The dominant role of the centre-periphery theory (Sherrat 1983) is on the decline nowadays. The connection between 2nd millennium BC Carpathian Basin and the Aegean, late Middle, early Late Helladic periods is undeniable, but the number of concrete evidence is only a handful. Based on that, a strong dependency system between the two regions cannot be hypothesized. Chronological research proved that the golden age of the late Middle Bronze Age (after Hungarian chronology) – which Spišský Štvrtok is also a result of – significantly preceded Mycenaean monumental architecture and palaces. There are little similarities between the architecture, material cultures and societies of the two regions and periods.
In addition to the aforementioned, a very critical article was published recently about the dating of the fortification of the settlement Spišský Štvrtok (Jaeger 2014). Although we are aware of fortifications made out of stone or with stone foundations from the OFK territory, the structure of the one found at Spišský Štvrtok bears little resemblance to those. However, it shows no ties to the otherwise sporadic late Middle Helladic period (that is, of the same age) Aegean fortifications either. The most surprising similarity with the stone wall’s structure is from the known Slovak fortified settlements of the Púchov culture (Celtic period).
Throughout the systematic collection of OFK settlements I also experienced that in the Spiš region, many OFK sites were later settled in by the Púchov culture, which is presumably a result of choices made based on the same environmental criteria.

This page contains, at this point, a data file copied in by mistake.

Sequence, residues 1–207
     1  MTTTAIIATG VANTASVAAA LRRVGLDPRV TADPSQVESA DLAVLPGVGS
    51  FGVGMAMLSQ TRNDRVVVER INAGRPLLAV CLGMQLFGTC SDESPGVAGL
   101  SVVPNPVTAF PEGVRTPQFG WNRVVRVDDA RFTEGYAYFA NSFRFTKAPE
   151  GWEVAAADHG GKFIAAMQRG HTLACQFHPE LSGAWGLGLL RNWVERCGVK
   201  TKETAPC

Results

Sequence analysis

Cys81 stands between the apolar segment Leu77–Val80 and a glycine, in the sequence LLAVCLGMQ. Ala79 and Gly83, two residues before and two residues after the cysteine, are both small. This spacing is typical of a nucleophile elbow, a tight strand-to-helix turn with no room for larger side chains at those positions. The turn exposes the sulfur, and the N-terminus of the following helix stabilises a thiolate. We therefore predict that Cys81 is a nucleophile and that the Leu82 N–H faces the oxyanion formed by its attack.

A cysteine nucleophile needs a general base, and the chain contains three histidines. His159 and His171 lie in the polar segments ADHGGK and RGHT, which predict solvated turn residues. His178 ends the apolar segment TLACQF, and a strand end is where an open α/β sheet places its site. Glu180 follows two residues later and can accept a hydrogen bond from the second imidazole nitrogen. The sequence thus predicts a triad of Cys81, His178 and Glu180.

However, the settlement of Spišský Štvrtok cannot be considered published, despite having been discussed in numerous publications. Most studies only present the excavator’s interpretation of the site and not real data.
Of course without new information the Celtic origin of the fortification cannot be confirmed for sure, purely by analogical means, but the “myth of Spišský Štvrtok” definitely seems to be falling out of favour.
Bader, T. 1978, Epoca bronzului in nord-vestul Transilvaniei. Bucuresti.
David, W. 2002, DAVID W. 2002, Studien zu Ornamentik und Datierung der bronzezeitlichen Depotrfund-gruppe Hajdúsámson-Apa-Ighiel-Zajta. Bibliotheca Musei Apulensis 18.
Gašaj, D. 2002, Osada obronna w Spisškim Štvrtku. Fortifies settelemet at Spisšý Štvrtok. in: J. Gancarsky (ed.) Między Mykenami a Bałtykiem. Kultura Otomani-Füzesabony. Krosno-Warszawa. 37–41.
Jaeger, M. 2014 The stone fortifications of the settlement at Spisšký Štvrtok. A contribution to the discussion on the long distance contacts of the Otomani-Füzesabony culture. Prehistorische Zeitschrift 89, 291–304.
Jockenhövel, A. 1990, Bronzezeitlicher Burgenbau in Mitteleuropa. Untersuchung zur Strucktur frühmetallzeitlicher Gesellschaften. In: Orientalische-Ägäische Einflüsse in der Europäischen Bronzezeit. RGZM Monographien Band 15 (1990) 209-228.
Kovalčik 1970 Záchranný archeologický výskum na „Barimbergu” pri Spisškom Štvrtku (okr. Spišska Nová Ves) Rettungsgrabung am „Barimberg” bei Spisšký Štvrtok (Bez. Spišska Nová Ves)
Sherrat A. 1993, What would a Bronze-Age world system look like? Relations between temperate Europe and the Mediterranean in later prehistory. Journal of European Archaeology 1, 1–57. Musaica 21, 5–12.
Vladár, J. 1971, Parohové bočnice zubadiel otomanskej kultúry na Slovensku. Geweihtrensen der Otomani-Kultur in der Slowakei. Slov Arch 19, 5–12.
Vladár, J. 1973, Osteuropäische und mediterrane Einflüsse im Gebiet der Slowakei während der Bronzezeit. SlovArch 21, 253–357.
Vladár, J. 1975, Spišský Štvrtok. Befestigte Siedlung der Otomani-Kultur. In: III. Inter-nationaler ongress für slawische Archäologie Bratislava, 7–14 September 1975. Nitra,2–24.
Vladár, J. 1978, Umenie davnovekého Spiša. Bratislava, 1978.
Vladár, J. 2014, Praveké mestá z doby bronzovej Spisšký Štvrtok a Košice-Barca. Musaica 28, 15–37.